When the Mountains Become Flat

I recently took a trip with my family out to Colorado and we spent some time up in the mountains.  It was a wonderful trip and we had the opportunity to see a different part of God’s beautiful creation.  Of course it made my wife nervous when I took in the beauty of God’s creation while driving up the side of the mountains, but even the view out of the corner of my eye was amazing.

As we got to the first place that we were staying, we were sitting in the dining hall. As I ate my food I wanted to make sure that I was close to the window so that I could just sit and stare at the beauty that was all around us.  As I sat in that dining hall I also looked around at the others who were sitting and eating and I noticed that they did not seem to have the same reaction that I was having.  In my own mind I’m thinking to myself “Are you even paying attention to the scene that is right outside this window?”  All I could wonder was had the mountains become flat to these people?  Did they even care what was outside?  Did they even want to be here?

As I continued to think and dwell on what I observed I thought to myself that what I was observing is not dissimilar to the grace of God in Jesus Christ.  Let me explain.  As a Lutheran Pastor and someone who has grown up in the Lutheran Church I have heard and preached on a weekly basis about what Jesus has done for you and for me.  “The article on Justification by faith is the most important of all Christian teachings, without which no poor conscience can have lasting comfort or recognize properly the riches of Christ’s grace.”[1] We know about grace.  We teach grace.  We proclaim that we are saved by grace through faith in Jesus Christ ALONE. Grace is the proverbial mountains. When grace clicks for people they can’t get enough of it.  When grace is understood by people all they want to do is sit by the window and look at it taking every bit of it in.  For many when they get a taste of the grace of Jesus Christ they tend to look around in bewilderment at every one else around them and think to themselves what is wrong with these people?  People might begin to wonder if the others that are around them have any idea of what grace is all about because they clearly don’t seem to be as excited about it.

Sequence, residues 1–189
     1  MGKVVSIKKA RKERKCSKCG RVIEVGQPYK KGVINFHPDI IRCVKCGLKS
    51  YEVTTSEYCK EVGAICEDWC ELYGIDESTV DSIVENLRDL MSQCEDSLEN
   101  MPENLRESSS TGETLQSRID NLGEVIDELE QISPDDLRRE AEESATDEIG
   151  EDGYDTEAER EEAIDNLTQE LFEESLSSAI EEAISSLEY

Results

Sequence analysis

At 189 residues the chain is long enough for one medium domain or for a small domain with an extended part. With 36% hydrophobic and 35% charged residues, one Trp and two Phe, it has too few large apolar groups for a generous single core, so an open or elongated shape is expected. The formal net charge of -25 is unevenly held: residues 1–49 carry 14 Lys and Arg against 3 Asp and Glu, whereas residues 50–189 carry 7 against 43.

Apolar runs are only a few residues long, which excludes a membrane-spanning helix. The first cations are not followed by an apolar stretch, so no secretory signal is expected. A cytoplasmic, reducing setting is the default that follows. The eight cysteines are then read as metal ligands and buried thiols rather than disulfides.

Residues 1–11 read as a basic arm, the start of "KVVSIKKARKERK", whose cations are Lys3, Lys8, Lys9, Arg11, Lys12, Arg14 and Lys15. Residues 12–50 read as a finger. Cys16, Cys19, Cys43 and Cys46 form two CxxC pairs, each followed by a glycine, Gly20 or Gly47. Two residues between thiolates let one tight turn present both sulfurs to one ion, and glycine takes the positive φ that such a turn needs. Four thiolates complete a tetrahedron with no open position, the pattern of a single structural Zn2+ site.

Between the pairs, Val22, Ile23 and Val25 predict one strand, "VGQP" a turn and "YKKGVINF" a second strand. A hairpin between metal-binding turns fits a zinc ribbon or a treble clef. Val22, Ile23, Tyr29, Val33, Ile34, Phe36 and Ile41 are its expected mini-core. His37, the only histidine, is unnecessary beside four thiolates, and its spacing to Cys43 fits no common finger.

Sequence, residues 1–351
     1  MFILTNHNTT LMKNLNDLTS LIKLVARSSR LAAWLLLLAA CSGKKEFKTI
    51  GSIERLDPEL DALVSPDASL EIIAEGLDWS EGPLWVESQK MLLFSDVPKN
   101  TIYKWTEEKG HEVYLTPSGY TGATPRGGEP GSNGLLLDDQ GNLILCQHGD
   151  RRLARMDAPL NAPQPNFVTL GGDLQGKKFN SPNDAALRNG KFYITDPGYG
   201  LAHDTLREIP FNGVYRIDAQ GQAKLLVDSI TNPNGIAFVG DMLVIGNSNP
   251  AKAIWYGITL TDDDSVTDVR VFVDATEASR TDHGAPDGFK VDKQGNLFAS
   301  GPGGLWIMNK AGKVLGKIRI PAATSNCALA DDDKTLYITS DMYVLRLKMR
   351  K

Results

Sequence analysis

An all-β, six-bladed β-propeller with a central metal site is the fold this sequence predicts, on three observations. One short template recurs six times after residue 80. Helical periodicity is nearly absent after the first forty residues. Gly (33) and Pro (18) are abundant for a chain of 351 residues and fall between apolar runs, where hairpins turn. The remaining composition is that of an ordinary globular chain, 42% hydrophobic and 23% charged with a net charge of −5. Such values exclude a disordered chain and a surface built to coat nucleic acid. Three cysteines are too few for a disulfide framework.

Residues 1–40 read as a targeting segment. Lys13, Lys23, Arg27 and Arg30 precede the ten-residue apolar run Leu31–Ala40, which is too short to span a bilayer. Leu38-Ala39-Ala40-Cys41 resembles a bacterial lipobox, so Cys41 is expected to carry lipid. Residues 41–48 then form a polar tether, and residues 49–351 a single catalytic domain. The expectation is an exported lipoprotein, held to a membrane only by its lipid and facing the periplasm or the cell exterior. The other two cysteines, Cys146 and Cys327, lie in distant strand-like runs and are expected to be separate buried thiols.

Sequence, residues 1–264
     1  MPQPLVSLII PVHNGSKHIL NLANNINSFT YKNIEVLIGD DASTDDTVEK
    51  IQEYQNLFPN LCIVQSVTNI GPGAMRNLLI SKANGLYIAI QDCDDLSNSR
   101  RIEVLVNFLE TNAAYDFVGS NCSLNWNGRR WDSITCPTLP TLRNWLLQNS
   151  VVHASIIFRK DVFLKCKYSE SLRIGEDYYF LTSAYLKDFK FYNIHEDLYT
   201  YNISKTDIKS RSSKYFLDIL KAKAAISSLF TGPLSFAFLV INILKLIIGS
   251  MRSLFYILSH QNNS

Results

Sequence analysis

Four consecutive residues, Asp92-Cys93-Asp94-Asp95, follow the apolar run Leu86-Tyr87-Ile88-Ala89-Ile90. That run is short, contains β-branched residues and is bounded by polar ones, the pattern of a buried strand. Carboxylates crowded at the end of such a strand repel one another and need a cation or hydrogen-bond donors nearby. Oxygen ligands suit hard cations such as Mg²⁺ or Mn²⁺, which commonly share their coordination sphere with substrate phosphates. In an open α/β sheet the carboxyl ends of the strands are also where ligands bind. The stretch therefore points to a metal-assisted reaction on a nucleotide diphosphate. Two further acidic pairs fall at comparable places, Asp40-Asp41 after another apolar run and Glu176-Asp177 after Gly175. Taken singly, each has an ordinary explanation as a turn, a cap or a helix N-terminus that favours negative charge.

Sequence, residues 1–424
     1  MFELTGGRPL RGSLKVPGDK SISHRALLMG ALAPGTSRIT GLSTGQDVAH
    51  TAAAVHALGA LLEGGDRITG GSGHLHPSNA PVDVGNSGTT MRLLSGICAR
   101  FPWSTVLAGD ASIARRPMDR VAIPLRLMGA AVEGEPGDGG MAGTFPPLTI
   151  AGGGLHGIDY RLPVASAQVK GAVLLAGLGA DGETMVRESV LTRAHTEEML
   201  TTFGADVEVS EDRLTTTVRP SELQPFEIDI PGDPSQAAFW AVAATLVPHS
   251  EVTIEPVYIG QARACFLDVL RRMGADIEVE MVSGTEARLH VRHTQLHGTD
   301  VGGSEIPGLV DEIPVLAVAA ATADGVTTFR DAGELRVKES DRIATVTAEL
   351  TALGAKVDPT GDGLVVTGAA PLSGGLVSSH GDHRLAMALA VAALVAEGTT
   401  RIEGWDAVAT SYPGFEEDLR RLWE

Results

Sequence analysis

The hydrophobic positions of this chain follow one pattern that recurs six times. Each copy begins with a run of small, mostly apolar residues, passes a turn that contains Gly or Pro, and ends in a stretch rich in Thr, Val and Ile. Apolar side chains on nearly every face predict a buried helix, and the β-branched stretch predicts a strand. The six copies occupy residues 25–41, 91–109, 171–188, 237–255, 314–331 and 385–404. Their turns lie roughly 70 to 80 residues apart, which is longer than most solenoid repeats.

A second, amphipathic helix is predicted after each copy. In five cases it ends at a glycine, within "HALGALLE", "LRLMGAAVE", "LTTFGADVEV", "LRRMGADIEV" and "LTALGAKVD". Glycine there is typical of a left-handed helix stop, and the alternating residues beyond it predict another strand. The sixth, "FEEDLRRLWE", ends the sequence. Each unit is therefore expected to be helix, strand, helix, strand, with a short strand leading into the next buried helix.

As I sat looking around I almost became indignant with the people who I was eating with because I could not understand their lack of excitement.  There were no doubt people would sat in that room would could have not cared less that they were sitting in the mountains and in fact would have rather been somewhere completely different, but I would imagine that most of the people who were sitting their looked at the mountains the same way that I did at one time.  I would also imagine that they had a better understanding of the mountains than I did knowing the peaks and valleys.  They didn’t just visit the mountain they lived in the mountains.  They did not just observe it for a moment but took it in for a life time.  As workers greeted me they welcomed me and my family and invited us to partake in what they were living in the beauty of the mountains. They were no longer “surprised” by the beautiful landscape but rather it was something that they expected every morning when they woke up.  They didn’t appreciate the mountains less than me and in fact they may have had a deeper appreciation for them.

There are many who understand the radicle good news of Jesus Christ crucified and risen for all people and go about their daily business in that grace always knowing it is there.  Do we at times run the risk of losing sight of the “mountain?” Of course our own sinfulness which manifest itself in so many ways whether it is through pride, guilt, an easy life or and extremely difficult life tries to distract us from the mountains around us.   Yet when that happens our savior gently lifts our head up out of our own lives and draws our attention to the greatest mountain ever to exist, the mountain where grace flows down because of Christ going up for you and for me.

Hebrews 12:2 (ESV) looking to Jesus, the founder and perfecter of our faith, who for the joy that was set before him endured the cross, despising the shame, and is seated at the right hand of the throne of God.

[1] Solid Declaration, Article III:6

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